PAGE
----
Elections

Democratic challengers sweep Republicans in Mecklenburg commissioner races

All three Republican incumbents on the Mecklenburg County Board of Commissioners were defeated by their opponents Tuesday, in a major shakeup for the board that leaves it with a 9-0 Democratic majority.

Democrats sharply increased their 6-3 majority, and the county will have a board of commissioners with no Republicans. It’s the first time the board has been made up of all one party since the 1964-66 term, when Democrats held all the seats.

Besides the district races, all three Democratic at-large members were set to win re-election, defeating the lone Republican candidate, Jeremy Brasch, in a contest that was an exact repeat of the 2016 election. Pat Cotham was the top vote-getter with almost 29 percent, followed by Trevor Fuller and Ella Scarborough with about 28 percent. Brasch trailed with almost 16 percent

Three Democrats running for district seats didn’t have an opponent, so they automatically won. Longtime commissioners Vilma Leake, who represents District 2, and George Dunlap, of District 3, won new terms unopposed. Newcomer Mark Jerrell will replace Commissioner Dumont Clarke, who’s stepping down in District 4.

The only competitive races were in the three Republican-held districts. For the first time in six years, Democrats fielded challengers to all three Republican commissioners, including District 1 (which covers north Charlotte, Huntersville, Cornelius and Davidson), District 5 (most of the southeast Charlotte “wedge” between Independence and South boulevards) and District 6 (much of south Charlotte, Pineville, Matthews and Mint Hill).

The shakeup in those districts was seismic. Three challengers, all women, defeated the three Republican incumbents.

Commissioner Jim Puckett, who represents District 1, lost to Democrat Elaine Powell, a longtime Parks & Recreation commissioner, 44 percent to 56 percent. Matthew Ridenhour, representing District 5, lost a closer race to Democratic challenger Susan Harden, a professor at UNC Charlotte, 49 percent to 51 percent.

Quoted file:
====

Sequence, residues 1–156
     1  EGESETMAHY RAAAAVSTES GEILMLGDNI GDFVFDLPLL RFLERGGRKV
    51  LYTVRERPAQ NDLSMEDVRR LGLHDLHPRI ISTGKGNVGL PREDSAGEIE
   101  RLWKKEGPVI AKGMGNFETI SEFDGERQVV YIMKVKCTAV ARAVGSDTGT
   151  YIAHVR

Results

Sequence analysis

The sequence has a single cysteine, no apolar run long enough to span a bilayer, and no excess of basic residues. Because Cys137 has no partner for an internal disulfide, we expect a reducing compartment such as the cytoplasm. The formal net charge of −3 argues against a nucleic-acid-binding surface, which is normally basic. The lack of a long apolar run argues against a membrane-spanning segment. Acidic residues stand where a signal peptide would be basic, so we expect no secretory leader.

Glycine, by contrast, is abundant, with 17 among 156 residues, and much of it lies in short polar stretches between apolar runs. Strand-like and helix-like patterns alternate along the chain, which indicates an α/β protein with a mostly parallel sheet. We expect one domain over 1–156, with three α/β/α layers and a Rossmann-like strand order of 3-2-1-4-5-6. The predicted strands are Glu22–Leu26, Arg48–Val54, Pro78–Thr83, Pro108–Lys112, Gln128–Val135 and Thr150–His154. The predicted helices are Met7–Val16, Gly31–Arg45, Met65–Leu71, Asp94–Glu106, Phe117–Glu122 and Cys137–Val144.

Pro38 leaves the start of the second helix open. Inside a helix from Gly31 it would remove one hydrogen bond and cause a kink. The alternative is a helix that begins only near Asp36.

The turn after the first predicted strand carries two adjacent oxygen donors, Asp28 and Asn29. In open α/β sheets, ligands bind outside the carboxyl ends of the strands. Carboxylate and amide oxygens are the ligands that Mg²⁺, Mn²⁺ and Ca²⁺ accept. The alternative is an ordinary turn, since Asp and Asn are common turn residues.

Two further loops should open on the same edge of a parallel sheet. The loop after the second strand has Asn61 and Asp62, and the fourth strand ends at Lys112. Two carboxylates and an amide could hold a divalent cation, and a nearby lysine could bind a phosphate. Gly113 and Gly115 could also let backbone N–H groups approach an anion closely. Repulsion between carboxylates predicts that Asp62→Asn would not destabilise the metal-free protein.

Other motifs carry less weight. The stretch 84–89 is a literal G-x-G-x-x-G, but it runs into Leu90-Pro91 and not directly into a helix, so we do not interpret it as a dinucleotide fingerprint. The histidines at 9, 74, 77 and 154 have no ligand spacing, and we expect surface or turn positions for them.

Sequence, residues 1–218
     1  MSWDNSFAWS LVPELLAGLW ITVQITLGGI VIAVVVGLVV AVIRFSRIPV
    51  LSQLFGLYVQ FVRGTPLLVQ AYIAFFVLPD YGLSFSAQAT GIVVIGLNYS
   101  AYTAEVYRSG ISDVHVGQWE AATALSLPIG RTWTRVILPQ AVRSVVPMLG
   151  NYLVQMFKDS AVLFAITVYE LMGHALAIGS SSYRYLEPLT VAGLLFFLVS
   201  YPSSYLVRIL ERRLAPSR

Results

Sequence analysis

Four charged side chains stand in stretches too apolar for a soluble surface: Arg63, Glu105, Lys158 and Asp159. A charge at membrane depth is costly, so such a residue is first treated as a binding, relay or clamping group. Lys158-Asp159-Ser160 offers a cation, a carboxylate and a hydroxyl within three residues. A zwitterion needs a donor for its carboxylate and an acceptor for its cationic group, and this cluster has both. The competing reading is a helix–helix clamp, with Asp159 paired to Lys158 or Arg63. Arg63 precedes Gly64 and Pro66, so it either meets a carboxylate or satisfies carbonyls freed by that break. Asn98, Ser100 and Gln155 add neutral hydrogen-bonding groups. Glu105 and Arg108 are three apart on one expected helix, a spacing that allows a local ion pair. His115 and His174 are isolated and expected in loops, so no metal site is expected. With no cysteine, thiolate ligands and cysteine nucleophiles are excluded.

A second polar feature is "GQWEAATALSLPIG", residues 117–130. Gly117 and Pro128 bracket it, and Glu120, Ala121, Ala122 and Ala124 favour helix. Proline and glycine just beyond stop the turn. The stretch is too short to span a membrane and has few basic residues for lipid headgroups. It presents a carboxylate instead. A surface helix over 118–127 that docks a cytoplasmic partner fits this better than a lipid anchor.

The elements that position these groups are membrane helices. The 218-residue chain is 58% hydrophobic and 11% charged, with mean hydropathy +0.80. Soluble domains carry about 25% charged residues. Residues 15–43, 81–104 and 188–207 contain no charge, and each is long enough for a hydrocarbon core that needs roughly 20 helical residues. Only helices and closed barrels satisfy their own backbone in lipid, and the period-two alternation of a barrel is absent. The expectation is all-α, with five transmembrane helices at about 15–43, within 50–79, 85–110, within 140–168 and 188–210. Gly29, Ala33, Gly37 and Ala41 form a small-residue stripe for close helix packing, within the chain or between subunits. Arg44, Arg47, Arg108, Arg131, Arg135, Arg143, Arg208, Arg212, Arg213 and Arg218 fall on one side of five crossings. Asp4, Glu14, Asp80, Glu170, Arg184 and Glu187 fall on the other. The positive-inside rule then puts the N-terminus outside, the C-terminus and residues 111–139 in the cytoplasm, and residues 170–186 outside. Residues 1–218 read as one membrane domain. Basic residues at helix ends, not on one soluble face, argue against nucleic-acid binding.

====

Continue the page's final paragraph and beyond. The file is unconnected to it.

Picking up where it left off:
And Bill James, a longtime commissioner from District 6 who’s courted controversy with remarks about black people and gay people, trailed Democratic challenger Susan McDowell, 48 percent to 52 percent. James has been on the board of commissioners since 1996, so the next term will be the first time in more than two decades he hasn’t represented south Mecklenburg.

Although the county commissioners races drew far less money and interest than disputed congressional seats and hot-button amendments like voter ID on the ballot this year, voters’ choices will have far-reaching impacts for local residents. The county commissioners set the biggest share of property taxes, and with new home values coming out next year after the revaluation, the property tax rate is likely to be a major issue.

The county commissioners also oversee a $1.7 billion budget, provide a big chunk of the funding for Charlotte-Mecklenburg Schools and oversee more than 5,500 employees in departments ranging from social services to parks.

At large

  • Jeremy Brasch, R 15.89%
  • Patricia (Pat) Cotham, D 28.83%

  • Trevor M. Fuller, D 27.64%

  • Ella Scarborough, D 27.64%

District 1

  • Elaine Powell, D 55.99%

  • Jim Puckett, R 44.01%

District 5

  • Susan B. Harden, D 50.63%

  • Matthew Ridenhour, R 49.37%

District 6

  • Bill James, R 48.24%

  • Susan Rodriguez McDowell, D 51.76%

(All precincts reporting. Results are final but not unofficial.)

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